To Treat Hepatitis C, Consider Enrolling in a Clinical Study

BY MICHAEL R. PAGE, PHARMD, RPH
PUBLISHED WEDNESDAY, JUNE 10, 2015
Clinical studies are a great opportunity for patients to access new treatment for chronic conditions, such as hepatitis C. Several clinical trials are currently enrolling patients with chronic hepatitis C virus (HCV) infection. In exchange for testing new medications, patients enrolled in clinical trials receive free treatment and are often compensated for their time and travel expenses. One very useful resource for finding clinical trials to enroll in is the website ClinicalTrials.gov. By visiting ClinicalTrials.gov and searching for studies (designated by numbers starting with “NCT” below), you can find out more about each of these clinical trials for patients with HCV.
 
Table 1: Clinical studies currently seeking patients with chronic hepatitis C infection

Treatment On ClinicalTrials.gov: Details
Daclatasvir + sofosbuvir + ribavirin NCT02304159 This clinical trial is seeking patients with genotype 3 HCV who also have cirrhosis. Patients enrolled in this trial will know what treatment they are receiving. Patients will receive all 3 medications for either 16 or 24 weeks.
Sofosbuvir + ribavirin in adolescents and children with HCV genotype 2 or 3 NCT02175758 This clinical trial is testing medications that are already available on the market (Sovaldi and ribavirin) in adolescent and pediatric patients who have chronic HCV infection of genotypes 2 or 3. Patients enrolled in this trial will know what treatment they are receiving.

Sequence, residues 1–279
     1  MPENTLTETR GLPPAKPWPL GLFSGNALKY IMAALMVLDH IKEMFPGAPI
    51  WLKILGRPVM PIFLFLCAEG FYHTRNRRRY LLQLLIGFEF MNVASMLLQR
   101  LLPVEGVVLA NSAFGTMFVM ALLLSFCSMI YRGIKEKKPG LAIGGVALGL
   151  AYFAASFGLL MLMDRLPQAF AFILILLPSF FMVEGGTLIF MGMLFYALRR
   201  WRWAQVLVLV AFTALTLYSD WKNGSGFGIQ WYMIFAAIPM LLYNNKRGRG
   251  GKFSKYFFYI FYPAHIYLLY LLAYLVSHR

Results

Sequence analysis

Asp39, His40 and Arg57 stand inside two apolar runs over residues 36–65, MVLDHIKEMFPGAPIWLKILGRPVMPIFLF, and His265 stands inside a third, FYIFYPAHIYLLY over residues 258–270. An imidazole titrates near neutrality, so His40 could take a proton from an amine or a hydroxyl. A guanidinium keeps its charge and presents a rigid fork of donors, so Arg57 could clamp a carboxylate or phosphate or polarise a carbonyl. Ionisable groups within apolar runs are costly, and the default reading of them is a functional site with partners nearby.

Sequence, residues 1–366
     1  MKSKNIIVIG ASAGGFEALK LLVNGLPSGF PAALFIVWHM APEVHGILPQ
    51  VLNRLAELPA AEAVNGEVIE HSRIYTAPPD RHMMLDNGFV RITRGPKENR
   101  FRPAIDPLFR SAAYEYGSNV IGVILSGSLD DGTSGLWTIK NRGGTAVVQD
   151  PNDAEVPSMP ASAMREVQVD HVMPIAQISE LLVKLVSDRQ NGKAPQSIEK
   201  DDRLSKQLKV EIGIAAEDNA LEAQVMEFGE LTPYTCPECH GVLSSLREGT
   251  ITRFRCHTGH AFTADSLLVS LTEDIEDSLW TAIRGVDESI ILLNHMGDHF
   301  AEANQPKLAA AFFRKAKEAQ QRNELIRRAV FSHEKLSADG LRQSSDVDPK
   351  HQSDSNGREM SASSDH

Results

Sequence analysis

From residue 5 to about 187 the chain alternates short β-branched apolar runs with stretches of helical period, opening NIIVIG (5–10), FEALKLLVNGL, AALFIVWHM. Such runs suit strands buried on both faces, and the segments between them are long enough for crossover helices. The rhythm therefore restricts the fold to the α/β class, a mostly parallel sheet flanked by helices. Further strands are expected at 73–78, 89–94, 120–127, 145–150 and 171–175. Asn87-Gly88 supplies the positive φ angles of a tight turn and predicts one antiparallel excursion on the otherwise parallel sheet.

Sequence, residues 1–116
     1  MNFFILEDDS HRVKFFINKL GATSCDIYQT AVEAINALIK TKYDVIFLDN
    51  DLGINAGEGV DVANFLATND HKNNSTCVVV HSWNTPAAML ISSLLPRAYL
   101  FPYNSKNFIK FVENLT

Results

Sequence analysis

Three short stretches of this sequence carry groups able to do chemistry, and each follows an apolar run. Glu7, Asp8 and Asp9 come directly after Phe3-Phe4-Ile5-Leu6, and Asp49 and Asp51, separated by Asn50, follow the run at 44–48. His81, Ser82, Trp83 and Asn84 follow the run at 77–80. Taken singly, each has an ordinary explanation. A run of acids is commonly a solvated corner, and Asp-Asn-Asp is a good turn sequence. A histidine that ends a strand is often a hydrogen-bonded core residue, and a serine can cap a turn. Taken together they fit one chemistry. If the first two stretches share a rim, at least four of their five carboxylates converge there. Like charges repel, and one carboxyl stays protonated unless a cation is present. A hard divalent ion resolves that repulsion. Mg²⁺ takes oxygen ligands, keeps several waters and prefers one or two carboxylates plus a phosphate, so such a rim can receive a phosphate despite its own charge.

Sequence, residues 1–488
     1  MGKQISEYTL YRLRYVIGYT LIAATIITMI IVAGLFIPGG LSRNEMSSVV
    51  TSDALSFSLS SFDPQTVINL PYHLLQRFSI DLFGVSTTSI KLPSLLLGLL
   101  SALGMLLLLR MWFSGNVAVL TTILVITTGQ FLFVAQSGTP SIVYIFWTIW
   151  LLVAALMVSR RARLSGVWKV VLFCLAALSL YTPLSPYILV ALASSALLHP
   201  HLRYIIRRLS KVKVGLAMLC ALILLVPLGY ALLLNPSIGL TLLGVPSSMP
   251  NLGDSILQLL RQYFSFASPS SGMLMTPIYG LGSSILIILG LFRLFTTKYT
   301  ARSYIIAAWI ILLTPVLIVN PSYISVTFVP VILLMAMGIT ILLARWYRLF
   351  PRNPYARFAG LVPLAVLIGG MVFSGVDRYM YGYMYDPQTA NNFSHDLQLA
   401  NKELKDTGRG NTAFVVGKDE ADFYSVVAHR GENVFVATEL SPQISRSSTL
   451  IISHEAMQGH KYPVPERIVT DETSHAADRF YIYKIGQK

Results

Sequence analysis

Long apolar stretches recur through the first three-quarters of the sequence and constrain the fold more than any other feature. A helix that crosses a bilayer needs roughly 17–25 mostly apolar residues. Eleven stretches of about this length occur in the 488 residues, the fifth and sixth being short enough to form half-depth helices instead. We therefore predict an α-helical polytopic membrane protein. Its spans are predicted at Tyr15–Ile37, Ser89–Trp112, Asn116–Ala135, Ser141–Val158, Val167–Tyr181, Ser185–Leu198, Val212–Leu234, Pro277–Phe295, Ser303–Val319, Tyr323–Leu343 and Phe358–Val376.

Asunaprevir + daclatasvir with or without BMS-791325 in patients with both HIV and HCV infection NCT02124044 BMS-791325 is an investigational drug that may help boost the effectiveness of the combination of asunaprevir and daclatasvir. In this trial, half of patients will receive asunaprevir + daclatasvir + placebo, and the other half of patients will receive asunaprevir + daclatasvir + BMS-791325. Every patient in this trial receives active medication.
Ledipasvir + sofosbuvir versus combinations including GS-9857 and GS-5816 NCT02202980 This clinical trial is testing compounds known as pan-genotypic inhibitors that are expected to work against a wider variety of HCV genotypes. Patients enrolled in this trial will know what treatment they are receiving. Treatment will last from 4 to 24 weeks, depending on which treatment is administered.
Ledipasvir + sofosbuvir in patients who have received kidney transplants and also have chronic HCV infection NCT02251717 This clinical trial is testing medications that are already available on the market (Harvoni) in patients who have chronic HCV infection. Patients enrolled in this trial will know what treatment they are receiving. Treatment will last either 12 or 24 weeks, depending on assignment.
Ledipasvir + sofosbuvir in adolescents and children with chronic HCV infection NCT02249182 This clinical trial is testing  medications that are already available on the market (Harvoni) in children and adolescents who have chronic HCV infection. Although this trial does have a placebo group, patients enrolled in this trial will know what treatment they are receiving.
Ledipasvir + sofosbuvir in patients with genotype 1 HCV infection (both treatment-experienced, and treatment-naïve patients) NCT02219685 This clinical trial is testing medications that are already available on the market (Harvoni) in adults with genotype 1 chronic HCV infection.

Investigators will be studying the effect of treatment on cognition. This is a double-blind study, meaning it is possible you will receive a placebo. Approximately 1 in 3 patients will receive placebo.
HCV = hepatitis C virus.

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